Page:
BIO 156 - Introduction to Organismal Biology and Ecology
Principles of biology with an emphasis on the diversity of life, the structure and function of plants and animals, and general ecological principles. The laboratory features activities and experiments that reinforce the concepts presented in lecture. This course is one of two foundation courses in introductory biology for science majors or science-interested students. This course may also fulfill a natural science elective for science-interested students.
Prerequisite(s): Living Environment Regents Exam score of 80 or higher (or equivalent for students that did not attend New York State Public School), or a C or better in BIO 120 or BIO 155.
New SUNY General Education: SUNY - Natural Sciences (and Scientific Reasoning)
Retiring SUNY General Education: SUNY-NS - Natural Sciences (SNSC)
MCC General Education: MCC-CT - Critical Thinking (MCT), MCC-SCI - Scientific Reasoning (MSCI)
Course Learning Outcomes
1. List the general characteristics of the domains and kingdoms of living organisms. List differences between prokaryotic and eukaryotic organisms.
2. Describe the hierarchical system for classification of organisms, the species concept, and be able to apply the basic rules of Phylogenetic Systematics (cladistics) to show evolutionary relationships among taxa.
3. Compare the characteristics of selected taxonomic groups of: bacteria, fungi, protists, animals and plants with respect to evolutionary relationships, cell and/or tissue types, body plans, modes of reproduction, and life cycles (including development.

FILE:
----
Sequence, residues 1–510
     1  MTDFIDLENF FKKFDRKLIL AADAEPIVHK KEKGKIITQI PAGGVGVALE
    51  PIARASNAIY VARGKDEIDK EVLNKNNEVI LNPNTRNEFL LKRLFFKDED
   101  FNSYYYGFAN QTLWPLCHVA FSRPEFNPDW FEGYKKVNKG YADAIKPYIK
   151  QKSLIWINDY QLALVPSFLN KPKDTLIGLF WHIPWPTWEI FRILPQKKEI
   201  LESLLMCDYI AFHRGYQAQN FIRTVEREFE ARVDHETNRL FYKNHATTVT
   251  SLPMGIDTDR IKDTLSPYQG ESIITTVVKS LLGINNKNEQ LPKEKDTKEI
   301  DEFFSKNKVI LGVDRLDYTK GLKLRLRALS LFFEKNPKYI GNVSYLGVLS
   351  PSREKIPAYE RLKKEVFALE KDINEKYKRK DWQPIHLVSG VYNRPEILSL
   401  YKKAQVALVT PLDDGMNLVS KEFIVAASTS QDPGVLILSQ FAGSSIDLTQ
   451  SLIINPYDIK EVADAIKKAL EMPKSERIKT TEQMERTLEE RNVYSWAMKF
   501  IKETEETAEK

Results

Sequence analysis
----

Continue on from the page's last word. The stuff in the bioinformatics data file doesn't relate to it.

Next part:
4. Describe the evolutionary changes necessary for aquatic organisms to make the transition to life on land.
5. Describe the structure of an energy flow through ecosystems.
6. Provide examples of contemporary environmental issues.
7. Describe the tissues and organs present in plants in terms of both structure and function; explain the mechanisms of growth, and transport of nutrients and water in plants.
8. Define homeostasis and provide examples of homeostatic regulation in plants and animals.
9. Compare the osmoregulatory mechanisms, developmental processes and patterns, and the structure and function of other selected organ systems in animals.
10. Demonstrate written communication competency in the form of laboratory reports, writing assignments, or short answer/essay exam questions.
11. Demonstrate problem-solving skills as they relate to biological topics.
12. Demonstrate competency in the performance of appropriate experimental protocols.
13. Demonstrate competency in the analysis and interpretation of experimental data.
Course Offered Fall; Spring